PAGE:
Drag Me to Hell
dir Sam Raimi
scr Sam Raimi, Ivan Raimi
with Alison Lohman, Justin Long, David Paymer, Lorna Raver, Dileep Rao, Adriana Barraza, Reggie Lee, Ricardo Molina, Ksenia Jarova, Bill E Rogers, Bojana Novakovic, Flor de Maria Chahua
release UK 27.May.09, US 29.May.09
09/US Universal 1h39
Drag Me to Hell
Don't make me beg: Lohman and Raver

long barraza raimi
R E V I E W    B Y    R I C H    C L I N E
Drag Me to Hell After nearly a decade in Spider-land, Sam Raimi returns to his roots with this utterly bonkers theme-park horror ride of a movie. It's so ridiculously full-on that you can't help but love it. If grisliness is your thing.

Christine (Lohman) is a bank loan officer, where her efficient efforts to get ahead are being subverted by a sneaky colleague (Lee) who's kissing up to the boss (Paymer). To help her cause, Christine takes the hard line with a gypsy woman (Raver), who in turn attacks and curses her. When odd things start happening, Christine's boyfriend (Long) takes her to a psychic (Rao), where they find out that a demon will come for her in three days unless they can break the curse.

This morality tale a terrific Twilight Zone feel, as Christine tries to make amends for her cruelty, but eventually abandons her principles out of sheer desperation. In other words, it's much more than mere horror. Actually, it's not particularly scary, although the action sequences are brutally relentless and often stomach-churning. And it's packed with haunting character details that make it impossible for us not to identify with everyone on screen.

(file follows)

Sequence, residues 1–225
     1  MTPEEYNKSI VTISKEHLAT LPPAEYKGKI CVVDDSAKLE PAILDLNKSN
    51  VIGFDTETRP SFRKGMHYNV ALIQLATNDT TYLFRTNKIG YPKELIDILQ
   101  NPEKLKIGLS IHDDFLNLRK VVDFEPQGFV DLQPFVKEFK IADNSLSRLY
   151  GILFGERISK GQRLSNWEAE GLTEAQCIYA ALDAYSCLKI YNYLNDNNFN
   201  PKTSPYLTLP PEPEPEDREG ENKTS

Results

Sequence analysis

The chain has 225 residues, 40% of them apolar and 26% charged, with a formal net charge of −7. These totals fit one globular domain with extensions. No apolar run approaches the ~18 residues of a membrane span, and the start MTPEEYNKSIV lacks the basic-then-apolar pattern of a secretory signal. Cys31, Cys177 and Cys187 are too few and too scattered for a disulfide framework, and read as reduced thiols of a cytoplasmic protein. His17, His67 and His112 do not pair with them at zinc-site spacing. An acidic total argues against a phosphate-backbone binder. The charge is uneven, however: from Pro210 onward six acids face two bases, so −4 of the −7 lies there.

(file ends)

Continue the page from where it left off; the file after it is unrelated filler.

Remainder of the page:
Lohman is terrific as the nice girl, and watching her lose a grip on her own moral core is remarkably involving. Long gets to add some texture to his slightly thankless boyfriend role. And Barraza eye-bulgingly hysterical as a mythical seer with a connection to the underworld. But the film's most indelible performance comes from Raver as the tenaciously ghastly Mrs Ganush. Made up to look unspeakably vile, Raver really goes for the jugular and keeps us completely unsettled. And Raimi never lets us catch our breath.

It's thoroughly exhilarating to watch a movie that embraces its ridiculous story and characters with such full-on dedication that we can't help but hang on for the ride. It's witty and snappy and surprisingly dark, full of things going bump in the night and corny touches (an anvil hanging by a rope in a garage? a goat at a séance?) that make us laugh just before we cringe from the screen. Indeed, the film is so relentlessly fun that we're powerless to resist.

cert 15 themes, gruesome violence, language 18.May.09

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© 2009 by Rich Cline, Shadows on the Wall